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    • @SuzetteA: Yes, oh, yes. To the original poster, it would definitely be worth exploring what constitutes controversy in different cultures, settings, or genres. For example, what we think is appropriate for children is vastly different from what we think is appropriate for adults. A lot of the time, I think a double standard exists. – Stephanie M. 4 years ago
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    Latest Comments

    Rachel

    Stop motion is great, not only because of the effects and stories, but because of the hours of work behind them. It’s clear that those who work in Stop Motion, do so because that’s what they love. Just the thought of all those hours making everything perfect, and the care that goes into every scene and movement and expression baffles me. It’s refreshing to know that these people- the people who subject themselves to this- are willing to go above and beyond. Of course, Stop Motion and CGI are both great and have their own merits, but combined they keep me at the edge of my seat. Movies like ParaNorman are so outstanding I can’t even begin to fathom that amount of work gone into it. Kudos to those crazy people willing to entertain an audience with Stop Motion productions!

    Understanding the Art of Stop Motion
    Rachel

    Although Marvel and DC are seemingly beating a dead horse with their plethora of recycled characters, I would have to say,”If it ain’t broke, don’t fix it.”
    Our generation, the predominant generation that watches these heroes, is a nostalgic bunch. I’m sure we’ve all seen “You’re a 90’s kid if..” posts on social media, and that’s because that generation grew up in a world where everything changed much too quickly. We crave the things that take us back to our childhood; heroes made the list. The reason recycled heroes works so well is because the intended audience clings to them and, as creature of habit, doesn’t want anything to change. New heroes are often shunned because exactly that: they’re new. They’re not the comfortable beloved heroes of our past; they represent a change, a movement, that’s makes us cringe and search for the solidarity of what we know.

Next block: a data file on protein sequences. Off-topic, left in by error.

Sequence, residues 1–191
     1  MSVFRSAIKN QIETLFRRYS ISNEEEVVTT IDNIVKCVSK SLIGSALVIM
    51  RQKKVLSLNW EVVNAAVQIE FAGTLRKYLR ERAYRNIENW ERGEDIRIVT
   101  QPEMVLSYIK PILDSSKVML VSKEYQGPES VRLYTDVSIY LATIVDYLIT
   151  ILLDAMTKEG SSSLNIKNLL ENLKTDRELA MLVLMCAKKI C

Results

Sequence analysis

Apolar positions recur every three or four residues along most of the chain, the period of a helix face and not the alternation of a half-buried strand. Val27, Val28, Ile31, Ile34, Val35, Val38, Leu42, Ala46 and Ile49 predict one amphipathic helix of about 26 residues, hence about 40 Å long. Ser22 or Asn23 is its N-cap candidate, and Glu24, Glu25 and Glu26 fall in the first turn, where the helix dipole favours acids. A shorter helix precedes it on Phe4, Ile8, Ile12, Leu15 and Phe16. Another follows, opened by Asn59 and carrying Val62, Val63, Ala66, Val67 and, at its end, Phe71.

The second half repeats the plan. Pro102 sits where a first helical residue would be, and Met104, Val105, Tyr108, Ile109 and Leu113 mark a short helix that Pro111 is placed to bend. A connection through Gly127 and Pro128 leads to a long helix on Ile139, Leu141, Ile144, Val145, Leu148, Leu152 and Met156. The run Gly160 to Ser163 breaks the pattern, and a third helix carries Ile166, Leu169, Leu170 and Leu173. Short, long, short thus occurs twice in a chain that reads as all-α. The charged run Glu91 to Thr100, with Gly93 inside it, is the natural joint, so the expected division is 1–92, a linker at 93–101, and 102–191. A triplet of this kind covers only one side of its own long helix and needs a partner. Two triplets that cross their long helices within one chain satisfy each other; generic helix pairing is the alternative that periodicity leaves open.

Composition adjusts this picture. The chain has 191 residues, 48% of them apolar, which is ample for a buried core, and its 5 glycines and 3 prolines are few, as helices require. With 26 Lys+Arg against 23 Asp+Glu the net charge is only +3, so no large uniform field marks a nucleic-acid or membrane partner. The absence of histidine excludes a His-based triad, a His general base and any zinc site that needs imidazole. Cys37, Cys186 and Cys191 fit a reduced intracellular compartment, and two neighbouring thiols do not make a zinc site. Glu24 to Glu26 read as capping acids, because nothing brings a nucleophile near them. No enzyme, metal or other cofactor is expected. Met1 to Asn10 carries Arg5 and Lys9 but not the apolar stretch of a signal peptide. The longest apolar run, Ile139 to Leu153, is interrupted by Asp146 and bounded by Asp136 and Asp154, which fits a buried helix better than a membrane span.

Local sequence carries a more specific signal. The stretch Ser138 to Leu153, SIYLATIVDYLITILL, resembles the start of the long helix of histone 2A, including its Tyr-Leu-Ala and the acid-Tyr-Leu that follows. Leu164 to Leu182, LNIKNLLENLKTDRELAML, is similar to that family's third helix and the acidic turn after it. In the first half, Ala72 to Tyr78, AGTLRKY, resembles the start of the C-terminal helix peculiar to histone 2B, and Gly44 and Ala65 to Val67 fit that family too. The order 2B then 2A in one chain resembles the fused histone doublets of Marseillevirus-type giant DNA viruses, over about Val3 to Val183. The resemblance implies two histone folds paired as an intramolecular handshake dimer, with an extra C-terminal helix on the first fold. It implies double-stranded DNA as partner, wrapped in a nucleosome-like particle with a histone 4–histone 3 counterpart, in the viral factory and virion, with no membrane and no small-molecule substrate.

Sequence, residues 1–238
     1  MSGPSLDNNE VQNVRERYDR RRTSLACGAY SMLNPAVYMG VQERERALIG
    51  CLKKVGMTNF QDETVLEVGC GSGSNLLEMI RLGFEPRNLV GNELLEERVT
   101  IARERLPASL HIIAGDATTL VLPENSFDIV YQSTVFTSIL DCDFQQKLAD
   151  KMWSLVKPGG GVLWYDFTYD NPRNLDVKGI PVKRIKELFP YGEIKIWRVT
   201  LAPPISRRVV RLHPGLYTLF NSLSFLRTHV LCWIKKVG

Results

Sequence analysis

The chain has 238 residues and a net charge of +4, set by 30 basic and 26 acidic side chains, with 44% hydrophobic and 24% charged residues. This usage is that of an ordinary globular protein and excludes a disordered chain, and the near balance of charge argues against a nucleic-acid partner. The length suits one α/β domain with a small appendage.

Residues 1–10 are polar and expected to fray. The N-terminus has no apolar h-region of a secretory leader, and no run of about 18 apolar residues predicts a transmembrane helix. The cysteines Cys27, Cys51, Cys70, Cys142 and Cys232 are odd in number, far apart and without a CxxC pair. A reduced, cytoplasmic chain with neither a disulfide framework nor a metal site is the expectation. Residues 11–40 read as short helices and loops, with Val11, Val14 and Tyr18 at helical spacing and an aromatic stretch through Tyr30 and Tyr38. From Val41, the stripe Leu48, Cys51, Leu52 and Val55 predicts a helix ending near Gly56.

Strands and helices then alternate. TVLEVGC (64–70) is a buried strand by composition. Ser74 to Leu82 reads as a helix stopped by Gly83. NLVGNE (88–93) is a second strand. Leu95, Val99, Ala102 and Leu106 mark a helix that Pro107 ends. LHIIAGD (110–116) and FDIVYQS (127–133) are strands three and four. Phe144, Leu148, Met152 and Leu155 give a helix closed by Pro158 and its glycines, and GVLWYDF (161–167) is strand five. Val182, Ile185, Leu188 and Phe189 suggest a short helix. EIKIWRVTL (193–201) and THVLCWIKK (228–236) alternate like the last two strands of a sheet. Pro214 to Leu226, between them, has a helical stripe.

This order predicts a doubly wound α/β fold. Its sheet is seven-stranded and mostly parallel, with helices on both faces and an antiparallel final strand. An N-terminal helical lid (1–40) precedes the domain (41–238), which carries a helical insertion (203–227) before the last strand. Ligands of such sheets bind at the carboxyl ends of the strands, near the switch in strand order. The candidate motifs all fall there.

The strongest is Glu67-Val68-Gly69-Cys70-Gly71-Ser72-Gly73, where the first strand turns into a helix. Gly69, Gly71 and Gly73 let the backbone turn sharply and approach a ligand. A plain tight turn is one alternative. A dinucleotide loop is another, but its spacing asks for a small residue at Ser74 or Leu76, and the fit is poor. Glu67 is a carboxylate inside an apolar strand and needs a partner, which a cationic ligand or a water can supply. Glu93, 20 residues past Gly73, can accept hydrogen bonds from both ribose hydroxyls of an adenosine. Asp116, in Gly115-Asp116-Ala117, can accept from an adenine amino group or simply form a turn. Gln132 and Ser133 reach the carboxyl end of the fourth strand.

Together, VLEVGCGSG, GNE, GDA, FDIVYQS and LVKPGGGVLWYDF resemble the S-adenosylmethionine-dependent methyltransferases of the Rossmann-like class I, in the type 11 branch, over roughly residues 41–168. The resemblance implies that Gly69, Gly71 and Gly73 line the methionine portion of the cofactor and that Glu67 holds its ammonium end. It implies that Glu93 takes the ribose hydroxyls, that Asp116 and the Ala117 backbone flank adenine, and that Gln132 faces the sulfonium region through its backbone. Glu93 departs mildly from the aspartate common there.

Of course, new heroes won’t always be shunned. They may be accepted begrudgingly, and eventually allowed into our world, like a new student entering a high school clique. But it stands to know that the beloved heroes of our past will only grow old when we do. Not only is this recycling effective, but demanded by the audience.

    Killing Superheroes: What's Keeping New Superhero Invention?
    Rachel

    It’s surprising, really, how whitewashing in Hollywood has become such a prevalent part of our society that it can be overlooked at times. I, a big fan of Avatar: the last Airbender, didn’t take a second look at the actor’s race in the movie simply because I am always surrounded by the assertion that white is the default race for anything. Although small attempts are being made at fixing this problem, the fact that the appearance of a different racial group in Hollywood is so exciting, only emphasizes how unaccustomed we are to equal representation.

    Whitewashing of Asian Characters in Hollywood Anime/Manga Adaptations